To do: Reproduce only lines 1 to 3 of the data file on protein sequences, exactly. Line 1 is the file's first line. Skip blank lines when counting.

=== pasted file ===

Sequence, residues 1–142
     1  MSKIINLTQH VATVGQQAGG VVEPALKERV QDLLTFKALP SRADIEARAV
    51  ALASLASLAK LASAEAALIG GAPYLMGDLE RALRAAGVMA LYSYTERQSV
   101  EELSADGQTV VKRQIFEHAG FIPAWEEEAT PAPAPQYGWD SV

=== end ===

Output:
Sequence, residues 1–142
     1  MSKIINLTQH VATVGQQAGG VVEPALKERV QDLLTFKALP SRADIEARAV
    51  ALASLASLAK LASAEAALIG GAPYLMGDLE RALRAAGVMA LYSYTERQSV